Fresno agency wants bus service to Yosemite

Fresno Council of Governments anticipates pilot bus program through Madera County in 2013

Carmen GeorgeAugust 1, 2012 

The Madera County Board of Supervisors voted 3-2 last week to allow Madera County Transportation Commission staff to begin public outreach in Eastern Madera County for a proposed public transit service from Fresno to Yosemite National Park, a project being pushed by Fresno Council of Governments (COG).

The Fresno COG has been studying the possibility of running a bus service from Fresno to Yosemite for several years. In May, Fresno COG approved $15,000 for public outreach after the Madera County commission opposed a feasibility study last year on grounds there was lack of adequate outreach to the tourism industry in Eastern Madera County.

"Fresno is going to do this no matter what," said Patricia Taylor, executive director of the Madera County Transportation Commission, about the proposed bus route from Fresno to Yosemite. "They anticipate starting a demonstration transit service program next summer, and in order to do that, a lot of planning has to happen soon regarding location of stops ...

"I don't think they really want the buses to stop in Madera County if they are not welcome -- they have made that comment before. Eventually, down the road, if they choose to do a transit service, it will most likely be through YARTS (Yosemite Area Regional Transportation System)."

Historically, Eastern Madera County has taken a strong stance opposing YARTS, stemming largely from language in the 1980 Yosemite General Management Plan which states that "a study will be undertaken to find a method to totally eliminate cars and other obtrusive vehicles from Yosemite Valley."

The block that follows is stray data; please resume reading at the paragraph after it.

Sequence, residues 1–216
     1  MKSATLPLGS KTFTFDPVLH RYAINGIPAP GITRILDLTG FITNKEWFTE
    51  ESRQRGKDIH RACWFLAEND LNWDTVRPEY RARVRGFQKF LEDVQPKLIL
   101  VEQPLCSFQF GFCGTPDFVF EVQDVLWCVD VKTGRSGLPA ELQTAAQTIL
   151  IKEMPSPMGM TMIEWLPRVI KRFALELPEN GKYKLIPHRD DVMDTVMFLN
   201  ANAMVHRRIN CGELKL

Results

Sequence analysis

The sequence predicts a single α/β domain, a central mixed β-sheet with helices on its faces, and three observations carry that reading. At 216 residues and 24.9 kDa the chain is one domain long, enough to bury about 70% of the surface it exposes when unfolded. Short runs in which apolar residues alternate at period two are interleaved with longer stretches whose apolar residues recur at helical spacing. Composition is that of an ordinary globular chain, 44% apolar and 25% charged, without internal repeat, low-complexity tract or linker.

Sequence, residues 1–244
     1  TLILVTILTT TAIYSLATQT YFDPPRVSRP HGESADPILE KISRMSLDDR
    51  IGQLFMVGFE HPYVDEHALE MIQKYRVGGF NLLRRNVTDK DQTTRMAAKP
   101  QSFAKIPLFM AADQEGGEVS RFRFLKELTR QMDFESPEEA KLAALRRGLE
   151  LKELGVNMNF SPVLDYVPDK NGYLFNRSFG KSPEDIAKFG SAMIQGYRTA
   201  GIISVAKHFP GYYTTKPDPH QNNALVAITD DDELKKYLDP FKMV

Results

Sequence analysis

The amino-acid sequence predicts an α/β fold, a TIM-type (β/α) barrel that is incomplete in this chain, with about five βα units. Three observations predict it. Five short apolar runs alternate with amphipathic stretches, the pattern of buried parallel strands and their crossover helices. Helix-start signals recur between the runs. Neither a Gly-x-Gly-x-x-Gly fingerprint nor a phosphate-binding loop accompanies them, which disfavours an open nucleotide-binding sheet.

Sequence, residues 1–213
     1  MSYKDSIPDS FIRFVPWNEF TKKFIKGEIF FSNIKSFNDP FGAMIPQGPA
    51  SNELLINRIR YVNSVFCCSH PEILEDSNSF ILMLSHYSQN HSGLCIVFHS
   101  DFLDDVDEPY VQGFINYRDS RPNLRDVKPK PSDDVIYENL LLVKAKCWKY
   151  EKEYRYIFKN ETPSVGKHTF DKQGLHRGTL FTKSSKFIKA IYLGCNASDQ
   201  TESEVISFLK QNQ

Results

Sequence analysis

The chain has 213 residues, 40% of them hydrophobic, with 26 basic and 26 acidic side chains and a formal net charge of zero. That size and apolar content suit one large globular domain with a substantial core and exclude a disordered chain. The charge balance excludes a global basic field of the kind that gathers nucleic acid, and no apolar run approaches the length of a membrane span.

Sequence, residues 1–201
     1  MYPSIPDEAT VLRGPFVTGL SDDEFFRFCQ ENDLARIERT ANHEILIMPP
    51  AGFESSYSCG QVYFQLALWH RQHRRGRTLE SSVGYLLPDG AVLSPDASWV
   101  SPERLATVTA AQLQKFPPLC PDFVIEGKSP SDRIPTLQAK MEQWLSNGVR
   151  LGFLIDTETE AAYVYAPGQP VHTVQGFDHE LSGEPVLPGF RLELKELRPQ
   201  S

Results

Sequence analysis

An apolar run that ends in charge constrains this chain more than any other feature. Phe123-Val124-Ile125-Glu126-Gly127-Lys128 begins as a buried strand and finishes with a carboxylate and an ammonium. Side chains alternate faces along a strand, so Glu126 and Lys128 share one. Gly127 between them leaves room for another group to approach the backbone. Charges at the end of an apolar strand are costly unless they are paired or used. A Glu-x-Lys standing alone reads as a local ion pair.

"In the Merced River Plan and overall for Yosemite National Park, there is no plan to eliminate private vehicle access to Yosemite Valley -- that's not on the table," said park spokesman Scott Gediman about the park's stance on access. "We are a part of a settlement agreement where we do have to come up with a daily cap on visitors, but the number we come up with (by next summer) -- does not dictate the number of vehicles or buses."

Once a daily cap on visitors is established, the park service will then work out how they plan to implement that, Gediman said.

Annually, Yosemite had more than 4 million visitors in both 2011 and 2010.

Oakhurst resident Lou Aceto, along with Supervisor Frank Bigelow, who voted against the YARTS outreach along with Supervisor David Rogers, said until Yosemite's General Management Plan is updated -- which will occur in July, 2013 after a record of decision is submitted to the court for the Merced River Plan -- the Mountain Area should remain opposed to a transit service through the county.

Supervisor Tom Wheeler warned that if Madera County remains opposed to YARTS, Fresno COG will likely direct buses to drive through the Mountain Area without stopping.

"All other gateway communities, including Tuolumne who also adamantly opposed YARTS in the 1990s, have come to the conclusion that the bus service is simply an option for tourists and will not prohibit vehicle access -- Madera County is the only county not utilizing the service," Wheeler said at his Oakhurst Town Hall meeting July 26. "According to the National Park Service, 84% of visitors to Yosemite Valley use personal vehicles. Only 4.8% use commercial tour buses, and only 1.3% use YARTS."

The current proposed Fresno-to-Yosemite route would include stops at the Fresno Greyhound and Amtrak stations, Fresno Yosemite International Airport, Fresno State, and potentially Chukchansi Gold Resort & Casino and then Oakhurst before entering Yosemite.

Earlier this week, the North Fork Chamber of Commerce and North Fork Community Development Council came out in support of a YARTS system through Madera County.

"We give this support in the hopes that our communities will be represented at the table to determine both service routes that benefit our local citizens' transportation needs and stops that are in the interest of our small businesses," wrote Scott O'Brian Marsh, president of the North Fork Chamber of Commerce, in a letter to the Madera County Board of Supervisors.